By Topic

Fast subsampled-updating stabilized fast transversal filter (FSU SFTF) RLS algorithm for adaptive filtering

Sign In

Cookies must be enabled to login.After enabling cookies , please use refresh or reload or ctrl+f5 on the browser for the login options.

Formats Non-Member Member
$33 $13
Learn how you can qualify for the best price for this item!
Become an IEEE Member or Subscribe to
IEEE Xplore for exclusive pricing!
close button

puzzle piece

IEEE membership options for an individual and IEEE Xplore subscriptions for an organization offer the most affordable access to essential journal articles, conference papers, standards, eBooks, and eLearning courses.

Learn more about:

IEEE membership

IEEE Xplore subscriptions

2 Author(s)
K. Maouche ; Inst. EURECOM, Sophia Antipolis, France ; D. T. M. Slock

We present a new, doubly fast algorithm for recursive least-squares (RLS) adaptive filtering that uses displacement structure and subsampled-updating. The fast subsampled-updating stabilized fast transversal filter (FSU SFTF) algorithm is mathematically equivalent to the classical fast transversal filter (FTF) algorithm. The FTF algorithm exploits the shift invariance that is present in the RLS adaptation of an FIR filter. The FTF algorithm is in essence the application of a rotation matrix to a set of filters and in that respect resembles the Levinson (1947) algorithm. In the subsampled-updating approach, we accumulate the rotation matrices over some time interval before applying them to the filters. It turns out that the successive rotation matrices themselves can be obtained from a Schur-type algorithm that, once properly initialized, does not require inner products. The various convolutions that appear In the algorithm are done using the fast Fourier transform (FFT). The resulting algorithm is doubly fast since it exploits FTF and FFTs. The roundoff error propagation in the FSU SFTF algorithm is identical to that in the SFTF algorithm: a numerically stabilized version of the classical FTF algorithm. The roundoff error generation, on the other hand, seems somewhat smaller. For relatively long filters, the computational complexity of the new algorithm is smaller than that of the well-known LMS algorithm, rendering it especially suitable for applications such as acoustic echo cancellation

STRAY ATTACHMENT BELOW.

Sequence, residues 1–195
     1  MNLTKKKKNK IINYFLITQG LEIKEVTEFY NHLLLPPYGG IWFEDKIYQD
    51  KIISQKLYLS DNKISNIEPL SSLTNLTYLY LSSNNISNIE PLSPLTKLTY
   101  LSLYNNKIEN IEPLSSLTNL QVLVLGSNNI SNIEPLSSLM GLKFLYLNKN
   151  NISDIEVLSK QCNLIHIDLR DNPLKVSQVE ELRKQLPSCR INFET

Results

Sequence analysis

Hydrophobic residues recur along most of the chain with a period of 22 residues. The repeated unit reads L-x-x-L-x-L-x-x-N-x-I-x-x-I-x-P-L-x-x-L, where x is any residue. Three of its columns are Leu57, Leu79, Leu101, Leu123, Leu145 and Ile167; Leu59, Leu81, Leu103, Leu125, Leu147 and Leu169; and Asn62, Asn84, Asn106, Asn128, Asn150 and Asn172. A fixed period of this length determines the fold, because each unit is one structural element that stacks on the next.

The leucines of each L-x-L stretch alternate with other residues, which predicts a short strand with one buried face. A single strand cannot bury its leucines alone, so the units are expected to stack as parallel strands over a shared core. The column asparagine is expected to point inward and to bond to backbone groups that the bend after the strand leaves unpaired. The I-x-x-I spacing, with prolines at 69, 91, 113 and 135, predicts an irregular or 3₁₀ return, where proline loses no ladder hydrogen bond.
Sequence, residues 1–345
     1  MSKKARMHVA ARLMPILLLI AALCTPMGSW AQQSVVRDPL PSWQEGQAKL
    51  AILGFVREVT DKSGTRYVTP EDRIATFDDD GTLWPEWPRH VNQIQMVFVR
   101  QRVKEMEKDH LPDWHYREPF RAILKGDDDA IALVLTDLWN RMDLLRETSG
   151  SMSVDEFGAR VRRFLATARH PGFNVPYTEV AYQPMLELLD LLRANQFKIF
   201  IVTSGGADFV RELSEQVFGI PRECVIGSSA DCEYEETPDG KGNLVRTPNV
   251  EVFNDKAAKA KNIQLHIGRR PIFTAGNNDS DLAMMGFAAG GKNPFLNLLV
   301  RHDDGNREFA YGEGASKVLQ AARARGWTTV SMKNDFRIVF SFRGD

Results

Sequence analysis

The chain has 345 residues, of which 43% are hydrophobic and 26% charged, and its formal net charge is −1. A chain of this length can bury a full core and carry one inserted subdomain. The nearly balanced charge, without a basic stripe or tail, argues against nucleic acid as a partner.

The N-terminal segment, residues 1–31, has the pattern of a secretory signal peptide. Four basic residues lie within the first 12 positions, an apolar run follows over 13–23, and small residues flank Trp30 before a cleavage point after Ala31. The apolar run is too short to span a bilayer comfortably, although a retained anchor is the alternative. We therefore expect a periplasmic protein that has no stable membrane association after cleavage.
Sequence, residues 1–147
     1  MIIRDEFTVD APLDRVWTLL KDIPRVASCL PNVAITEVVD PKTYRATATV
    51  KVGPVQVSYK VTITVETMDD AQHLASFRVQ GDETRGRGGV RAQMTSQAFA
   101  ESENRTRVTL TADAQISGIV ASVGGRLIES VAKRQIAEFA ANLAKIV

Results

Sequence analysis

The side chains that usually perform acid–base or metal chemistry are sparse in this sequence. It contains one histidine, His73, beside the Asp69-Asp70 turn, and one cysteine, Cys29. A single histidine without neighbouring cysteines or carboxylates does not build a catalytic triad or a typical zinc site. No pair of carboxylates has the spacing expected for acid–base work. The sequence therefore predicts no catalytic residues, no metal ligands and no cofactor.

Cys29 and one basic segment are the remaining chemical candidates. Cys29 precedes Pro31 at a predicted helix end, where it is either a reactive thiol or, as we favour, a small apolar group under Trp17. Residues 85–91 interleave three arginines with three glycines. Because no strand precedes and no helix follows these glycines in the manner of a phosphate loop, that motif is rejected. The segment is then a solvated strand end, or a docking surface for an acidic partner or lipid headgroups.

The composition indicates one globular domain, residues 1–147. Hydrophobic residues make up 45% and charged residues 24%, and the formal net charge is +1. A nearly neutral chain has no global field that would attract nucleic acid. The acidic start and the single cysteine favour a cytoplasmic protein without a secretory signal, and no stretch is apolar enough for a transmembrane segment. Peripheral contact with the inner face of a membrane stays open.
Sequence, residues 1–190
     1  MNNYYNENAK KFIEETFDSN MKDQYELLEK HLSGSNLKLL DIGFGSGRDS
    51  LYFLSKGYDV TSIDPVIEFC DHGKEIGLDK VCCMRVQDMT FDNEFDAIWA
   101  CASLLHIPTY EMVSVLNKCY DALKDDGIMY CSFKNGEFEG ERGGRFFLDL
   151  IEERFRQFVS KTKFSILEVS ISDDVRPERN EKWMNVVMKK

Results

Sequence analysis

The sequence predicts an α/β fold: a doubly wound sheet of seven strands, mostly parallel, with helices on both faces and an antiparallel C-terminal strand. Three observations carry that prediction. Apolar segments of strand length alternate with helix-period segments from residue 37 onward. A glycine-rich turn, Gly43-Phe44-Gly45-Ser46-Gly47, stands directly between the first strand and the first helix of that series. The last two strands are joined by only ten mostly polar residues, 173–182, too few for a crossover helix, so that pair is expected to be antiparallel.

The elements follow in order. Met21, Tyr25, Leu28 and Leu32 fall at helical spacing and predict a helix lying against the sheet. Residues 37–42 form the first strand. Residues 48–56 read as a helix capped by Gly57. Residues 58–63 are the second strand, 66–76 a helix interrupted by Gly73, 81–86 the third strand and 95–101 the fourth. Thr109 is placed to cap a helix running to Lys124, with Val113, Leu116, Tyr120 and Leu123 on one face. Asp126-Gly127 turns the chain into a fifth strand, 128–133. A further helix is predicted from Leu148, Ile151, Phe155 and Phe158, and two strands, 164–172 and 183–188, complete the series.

Published in:

IEEE Transactions on Signal Processing  (Volume:48 ,  Issue: 8 )